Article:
Photo courtesy Pasadena Conservatory of Music Pasadena Conservatory of Music Executive Director Stephen McCurry, who has led the school for 30 years, introduces a concert in PCM’s Barrett Hall. One of the school’s hallmarks is its dedication to live performances and recitals.

As an independent, nationally accredited nonprofit and music school, PCM has built a strong community of supporters through music being a human experience. Many of those supporters threw all their help behind the school during the pandemic, when it kept about 90% of its students in class by going into a creative virtual and online format.
Actress and nonprofit supporter Jane Kaczmarek, who has served on the PCM board for about 10 years, espoused her dedication and appreciation for the school.
“Few things in my life have kindled courage and comfort as much as classical music. When I moved to Pasadena in 2004 and discovered the Pasadena Conservatory of Music, I knew I’d found my way home,” she said. “PCM’s faculty, staff and students create a musical community where resolve and solace mingle with harmony and friendship, providing a refuge from the chaos of the world. I’m participating in PCM’s Common Ground campaign, because I believe in the life altering possibilities that music provides and I want everyone to experience that joy.”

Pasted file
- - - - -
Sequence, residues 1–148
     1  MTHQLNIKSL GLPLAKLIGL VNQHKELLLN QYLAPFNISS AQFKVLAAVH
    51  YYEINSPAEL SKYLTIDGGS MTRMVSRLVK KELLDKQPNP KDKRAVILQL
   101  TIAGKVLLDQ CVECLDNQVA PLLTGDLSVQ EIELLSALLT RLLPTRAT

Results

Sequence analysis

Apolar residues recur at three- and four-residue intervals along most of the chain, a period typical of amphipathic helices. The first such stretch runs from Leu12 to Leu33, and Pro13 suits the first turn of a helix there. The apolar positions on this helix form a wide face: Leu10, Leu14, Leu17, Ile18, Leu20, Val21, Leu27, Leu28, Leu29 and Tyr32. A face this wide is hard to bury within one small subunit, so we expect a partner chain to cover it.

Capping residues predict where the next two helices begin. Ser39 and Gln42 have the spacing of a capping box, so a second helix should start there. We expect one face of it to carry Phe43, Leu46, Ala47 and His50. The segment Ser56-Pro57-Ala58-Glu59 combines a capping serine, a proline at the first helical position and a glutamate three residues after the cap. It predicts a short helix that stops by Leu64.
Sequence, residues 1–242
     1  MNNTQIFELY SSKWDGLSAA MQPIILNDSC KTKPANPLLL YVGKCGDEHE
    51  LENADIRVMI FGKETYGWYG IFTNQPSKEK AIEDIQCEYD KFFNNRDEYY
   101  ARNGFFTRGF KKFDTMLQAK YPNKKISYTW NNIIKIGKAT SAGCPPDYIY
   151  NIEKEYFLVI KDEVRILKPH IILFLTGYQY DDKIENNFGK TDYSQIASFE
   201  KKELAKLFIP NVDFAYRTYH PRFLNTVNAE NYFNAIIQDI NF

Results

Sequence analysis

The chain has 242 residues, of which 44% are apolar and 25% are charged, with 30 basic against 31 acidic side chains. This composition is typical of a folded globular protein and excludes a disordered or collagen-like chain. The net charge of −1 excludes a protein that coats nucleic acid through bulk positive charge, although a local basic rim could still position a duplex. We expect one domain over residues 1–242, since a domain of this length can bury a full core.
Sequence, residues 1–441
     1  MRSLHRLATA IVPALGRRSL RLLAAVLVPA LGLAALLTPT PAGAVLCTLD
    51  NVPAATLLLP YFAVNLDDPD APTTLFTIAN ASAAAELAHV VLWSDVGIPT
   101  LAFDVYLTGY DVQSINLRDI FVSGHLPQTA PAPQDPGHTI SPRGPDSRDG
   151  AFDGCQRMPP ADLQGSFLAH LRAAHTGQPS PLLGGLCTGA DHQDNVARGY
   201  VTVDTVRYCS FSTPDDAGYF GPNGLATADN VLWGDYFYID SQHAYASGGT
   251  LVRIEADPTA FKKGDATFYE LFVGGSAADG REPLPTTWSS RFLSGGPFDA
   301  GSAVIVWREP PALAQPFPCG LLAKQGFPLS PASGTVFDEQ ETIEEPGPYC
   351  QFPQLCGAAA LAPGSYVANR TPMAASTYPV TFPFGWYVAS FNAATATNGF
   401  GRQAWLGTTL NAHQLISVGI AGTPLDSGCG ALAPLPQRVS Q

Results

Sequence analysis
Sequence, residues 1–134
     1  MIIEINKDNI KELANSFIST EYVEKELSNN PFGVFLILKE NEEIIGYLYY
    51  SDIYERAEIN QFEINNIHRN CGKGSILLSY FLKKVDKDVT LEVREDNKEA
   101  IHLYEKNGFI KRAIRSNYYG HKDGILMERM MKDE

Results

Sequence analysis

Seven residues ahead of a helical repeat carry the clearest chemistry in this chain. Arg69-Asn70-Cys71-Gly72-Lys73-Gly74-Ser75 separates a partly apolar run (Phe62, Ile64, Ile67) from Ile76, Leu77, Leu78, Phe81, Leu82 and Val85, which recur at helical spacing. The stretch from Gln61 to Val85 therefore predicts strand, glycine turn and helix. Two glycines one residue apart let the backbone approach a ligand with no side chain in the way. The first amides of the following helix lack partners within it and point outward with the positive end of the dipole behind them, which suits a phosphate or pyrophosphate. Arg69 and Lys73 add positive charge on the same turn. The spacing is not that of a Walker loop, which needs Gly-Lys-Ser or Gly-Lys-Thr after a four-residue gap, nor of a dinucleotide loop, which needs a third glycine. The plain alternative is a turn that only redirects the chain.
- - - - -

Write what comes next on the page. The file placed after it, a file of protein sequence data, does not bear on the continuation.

At PCM on a recent spring morning, echoes of a piano wafted down a long hallway, where rooms filled with polished baby grands awaited the music rush hour after school. The dainty strumming of a ukulele class lilted through a doorway, with a clear voice accompanying to a rendition of Roberta Flack’s “Killing Me Softly.”
The sound of music highlighted a triumphant return to on-campus classes after pandemic-related health measures shuttered the school, and like institutions around the world, it underwent a trying two years of unforeseen challenges.